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How are former Baltimore Ravens faring this season?

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Tommy Gilligan-USA TODAY Sports

Roster turnover is an unavoidable aspect of the NFL. Ray Lewis, Jonathan Ogden and Peter Boulware, players who wore one team’s jersey for their entire career, are a rarity in the age of free agency and the salary cap.

Over the last several years, the Baltimore Ravens have had to make more then their fair share of difficult player retention choices. A handful of former Ravens are still playing at a high level, but the majority of the front office’s decisions have been spot on.

After signing a $92 million contract extension, Tyrod Taylor has led the Bills to a 3-2 record this season, and has seven total touchdowns. Matt Schaub is serving as the Falcons backup, his leadership in the meeting room is undoubtedly the reason Matt Ryan is playing at an MVP level.

Two former Ravens preseason darlings have caught on at running back. Bobby Rainey has averaged 70 all-purpose yards for the Giants over the last two games. Fitz Touissant was a minor contributor for the Steelers during Le’Veon Bell’s absence.

Anquan Boldin, still performing in his 14th season, has 25 receptions and two touchdowns as the Lions third receiver. Catching passes from Blaine Gabbert in Chip Kelly’s offense was never going to suit Torrey Smith, but he has less than ten catches through five games. As ineffective as ever, tight end Ed Dickson has three catches for the Panthers.

The Ravens biggest loss last offseason was Kelechi Osemele, who has bolstered a Raiders offensive line that has allowed the least sacks in the NFL and paved the way for an average of 5-yards per rush attempt. Michael Oher has missed the last two games at left tackle for the Panthers with a concussion, while Jah Reid has started one game at guard for the Chiefs. Surprisingly, A.Q. Shipley has started all five games at center for the Cardinals, and blocked adequately enough to help one of the better rushing attacks in the league

Soon enough, Haloti Ngata will return to Baltimore for his Ring of Honor ceremony, but Ozzie Newsome clearly made the right decision by trading away the best defensive tackle in team history. Haloti cannot provide the impact plays as consistently as he was able to in his prime, he has eight tackles along with one and a half sacks for the Lions this year. Arthur Jones has been a colossal bust for Indianapolis, he has started three games for them since they signed him to a $33 million contract in 2014. Paul Kruger latched on with the Saints after the Browns released him, he has a half sack to his name this season. The Bears got their money’s worth on Pernell McPhee last season, he ranked near the top of the NFL in terms of quarterback pressures. However, McPhee is currently on the physically-unable-to-perform list due to a preexisting knee issue that the Ravens were aware of when he departed.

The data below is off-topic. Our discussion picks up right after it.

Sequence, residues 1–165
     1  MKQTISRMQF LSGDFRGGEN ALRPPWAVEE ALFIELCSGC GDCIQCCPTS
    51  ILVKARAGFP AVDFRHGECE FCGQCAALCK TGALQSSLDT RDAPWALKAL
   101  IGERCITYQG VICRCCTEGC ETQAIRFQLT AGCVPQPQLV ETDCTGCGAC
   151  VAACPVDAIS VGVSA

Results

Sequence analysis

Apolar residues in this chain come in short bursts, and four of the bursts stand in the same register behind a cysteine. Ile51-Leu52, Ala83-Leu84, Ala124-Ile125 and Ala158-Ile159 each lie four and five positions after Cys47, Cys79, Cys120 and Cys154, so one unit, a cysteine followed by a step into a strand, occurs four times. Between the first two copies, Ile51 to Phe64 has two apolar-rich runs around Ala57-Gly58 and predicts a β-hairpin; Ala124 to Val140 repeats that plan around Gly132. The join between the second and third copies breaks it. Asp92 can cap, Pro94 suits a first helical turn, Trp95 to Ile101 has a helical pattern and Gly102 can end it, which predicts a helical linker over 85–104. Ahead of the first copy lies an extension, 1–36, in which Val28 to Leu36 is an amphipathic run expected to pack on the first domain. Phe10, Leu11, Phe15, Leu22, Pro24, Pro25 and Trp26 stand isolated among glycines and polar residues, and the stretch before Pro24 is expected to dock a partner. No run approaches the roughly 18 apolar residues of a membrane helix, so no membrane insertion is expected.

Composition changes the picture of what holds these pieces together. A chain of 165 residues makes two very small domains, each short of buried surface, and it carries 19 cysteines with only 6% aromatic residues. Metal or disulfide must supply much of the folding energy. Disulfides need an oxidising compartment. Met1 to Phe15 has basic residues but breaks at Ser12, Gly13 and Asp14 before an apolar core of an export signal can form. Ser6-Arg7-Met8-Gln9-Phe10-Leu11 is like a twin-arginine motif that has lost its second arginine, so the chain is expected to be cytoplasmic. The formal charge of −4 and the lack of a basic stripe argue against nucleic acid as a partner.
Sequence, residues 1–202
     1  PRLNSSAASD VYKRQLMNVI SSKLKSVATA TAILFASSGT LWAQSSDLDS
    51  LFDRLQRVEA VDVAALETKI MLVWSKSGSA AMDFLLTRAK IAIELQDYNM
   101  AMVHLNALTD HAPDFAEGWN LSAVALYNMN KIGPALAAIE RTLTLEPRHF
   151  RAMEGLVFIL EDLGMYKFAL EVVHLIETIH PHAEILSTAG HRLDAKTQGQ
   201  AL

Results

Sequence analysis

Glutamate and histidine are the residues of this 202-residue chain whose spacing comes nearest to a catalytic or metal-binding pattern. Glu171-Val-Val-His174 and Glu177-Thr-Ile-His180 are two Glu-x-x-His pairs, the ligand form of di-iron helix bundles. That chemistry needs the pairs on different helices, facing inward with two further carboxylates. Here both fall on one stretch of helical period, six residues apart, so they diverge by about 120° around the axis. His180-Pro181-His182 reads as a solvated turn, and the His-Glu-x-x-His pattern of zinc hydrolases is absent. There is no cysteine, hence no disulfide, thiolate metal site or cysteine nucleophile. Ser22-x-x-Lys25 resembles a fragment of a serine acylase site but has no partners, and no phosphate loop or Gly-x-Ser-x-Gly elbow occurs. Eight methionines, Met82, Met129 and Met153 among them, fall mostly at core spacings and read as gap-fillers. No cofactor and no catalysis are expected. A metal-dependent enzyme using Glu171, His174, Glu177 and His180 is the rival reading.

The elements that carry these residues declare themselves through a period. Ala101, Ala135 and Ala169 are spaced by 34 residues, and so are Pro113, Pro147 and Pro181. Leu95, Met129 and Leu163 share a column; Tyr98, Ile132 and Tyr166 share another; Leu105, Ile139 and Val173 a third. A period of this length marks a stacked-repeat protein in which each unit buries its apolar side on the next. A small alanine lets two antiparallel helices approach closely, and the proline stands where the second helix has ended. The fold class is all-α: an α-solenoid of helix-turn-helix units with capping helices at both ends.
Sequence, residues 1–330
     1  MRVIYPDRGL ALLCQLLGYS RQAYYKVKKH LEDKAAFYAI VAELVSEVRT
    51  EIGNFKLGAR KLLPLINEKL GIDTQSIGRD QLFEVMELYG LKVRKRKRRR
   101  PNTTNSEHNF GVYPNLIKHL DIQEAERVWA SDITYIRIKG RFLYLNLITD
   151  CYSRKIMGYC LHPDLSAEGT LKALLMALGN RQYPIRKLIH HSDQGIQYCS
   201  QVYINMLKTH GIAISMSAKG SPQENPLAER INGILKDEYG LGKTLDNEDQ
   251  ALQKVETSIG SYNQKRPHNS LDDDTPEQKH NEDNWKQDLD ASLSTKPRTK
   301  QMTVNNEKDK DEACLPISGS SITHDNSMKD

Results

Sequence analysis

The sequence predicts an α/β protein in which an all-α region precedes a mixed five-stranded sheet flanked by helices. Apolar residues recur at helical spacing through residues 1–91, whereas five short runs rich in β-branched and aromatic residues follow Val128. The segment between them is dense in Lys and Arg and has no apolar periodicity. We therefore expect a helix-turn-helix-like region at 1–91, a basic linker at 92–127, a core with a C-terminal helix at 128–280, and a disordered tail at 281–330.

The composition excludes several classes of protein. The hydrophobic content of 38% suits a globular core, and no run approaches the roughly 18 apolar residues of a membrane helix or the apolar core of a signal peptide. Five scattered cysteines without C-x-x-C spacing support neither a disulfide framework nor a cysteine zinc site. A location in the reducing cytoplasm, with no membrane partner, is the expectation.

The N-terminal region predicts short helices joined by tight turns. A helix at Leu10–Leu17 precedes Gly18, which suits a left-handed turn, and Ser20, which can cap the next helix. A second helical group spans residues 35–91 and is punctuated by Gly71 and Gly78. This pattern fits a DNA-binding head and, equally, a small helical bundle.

Courtney Upshaw is the second string defensive tackle for the Falcons, and has made a very limited impact so far this season. The Ravens may have uncharacteristically given up too early on 2013 draft pick John Simon. Simon has posted 24 tackles with two and a half sacks and a forced fumble in a rotational role at outside linebacker for the Texans this season. Daryl Smith has brought stability to the Buccaneers linebacking corps, while his tackle totals have not been impressive, he did corral an interception in Week 5. Danelle Ellerbe has yet to suit up for the Saints this season because of a quad injury.

The Broncos scheme has brought out the best in Darian Stewart. Stewart is the starting free safety for the league’s #3 pass defense. Terrance Brooks, Rashaan Melvin and Brynden Trawick are hanging on to roster spots in the NFL, providing depth for the Eagles, Colts and Raiders respectively. Finally, Corey Graham has produced 17 tackles, three passes defensed, one sack and one interception as the Bills starting free safety.

Three years after the unexpected post Super Bowl trade of Anquan Boldin, that move remains a head scratcher. Boldin can still play, brought a necessary toughness and had helped the offense finally reach their potential in the playoffs immediately before the Ravens moved him. McPhee may have singlehandedly facilitated a improvement in the Ravens record in 2015, but his knee made a large contract guarantee risky. A case can be made that the Ravens should have done more to retain Osemele and Graham, but their positions make it unlikely they would have dramatically altered the course of the team. Taylor’s dual-threat ability is a nice weapon in the regular season, but he is not a consistent enough passer to win in the playoffs.

If there is a talent deficiency on the 2016 Ravens roster, it is more attributable to the front office’s drafting, salary cap management and player development from the coaches. Overall, the Ravens decisions on the majority of these players has proven wise.